Canadian Grain Commission Fee Reductions Point to Flawed System that Imposes High Costs on Farmers

The Alberta Wheat and Barley Commissions applaud the Canadian Grain Commission’s (CGC) news of fee reductions effective August 1, 2021, but are concerned that Canadian farmers continue to be overcharged for the CGC’s cost of operations. Today’s news underscores that the current funding system, based on mandatory inspection services by the CGC, is fundamentally flawed and should be a priority to change as part of the Canada Grain Act review.

During the federal government’s consultations for the Canada Grain Act review, farmers were surprised to learn that the majority of the CGC’s operating costs are covered by revenues from mandatory inspection fees of export vessels of grain. Those inspection costs are passed onto farmers through lower grain prices, as the CGC’s regulatory costs are hidden in the grain basis.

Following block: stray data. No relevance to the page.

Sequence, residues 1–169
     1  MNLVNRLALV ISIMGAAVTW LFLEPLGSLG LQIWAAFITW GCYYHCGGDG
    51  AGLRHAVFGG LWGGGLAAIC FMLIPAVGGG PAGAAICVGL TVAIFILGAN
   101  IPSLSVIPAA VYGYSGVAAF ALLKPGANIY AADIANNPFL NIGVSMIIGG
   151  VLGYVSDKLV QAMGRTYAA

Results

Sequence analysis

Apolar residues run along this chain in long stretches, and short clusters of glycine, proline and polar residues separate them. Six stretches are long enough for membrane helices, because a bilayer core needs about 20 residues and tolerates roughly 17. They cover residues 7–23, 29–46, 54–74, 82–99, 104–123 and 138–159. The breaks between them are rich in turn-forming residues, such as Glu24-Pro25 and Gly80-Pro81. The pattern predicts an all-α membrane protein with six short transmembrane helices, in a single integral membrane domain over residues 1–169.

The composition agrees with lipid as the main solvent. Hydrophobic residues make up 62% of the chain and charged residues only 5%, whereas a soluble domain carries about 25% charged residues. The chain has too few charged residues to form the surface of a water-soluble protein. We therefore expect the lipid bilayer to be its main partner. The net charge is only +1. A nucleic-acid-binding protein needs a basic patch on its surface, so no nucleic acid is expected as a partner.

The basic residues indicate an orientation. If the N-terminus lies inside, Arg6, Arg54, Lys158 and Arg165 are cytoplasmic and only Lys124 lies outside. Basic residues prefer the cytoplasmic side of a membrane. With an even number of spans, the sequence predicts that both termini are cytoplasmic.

“Mandatory outward weighing and inspection by the CGC is a redundant service since 70 to 80 percent of grain contracts require a second inspection by a private, third-party company. Private companies can offer this service cheaper than the CGC, yet the CGC continues to offer this duplicated service,”

says Tara Sawyer, Alberta Barley chair.

The CGC has accumulated a $148 million surplus, which will continue to grow due to the large volume of grain being moved in the current crop year. The CGC needs to adjust its funding model to expect variation and adopt a model that will allow excess funds to be returned to farmers through reduced operating fees.

“As part of the Canada Grain Act review, we identified that the landscape of international grain trade has changed and Canadian farmers need the CGC to adapt as well. It’s time for the CGC to transition away from being a service provider as their high cost of inspections is affecting our competitiveness,”

says Todd Hames, Alberta Wheat Commission chair.

Source: Alberta Wheat and Barley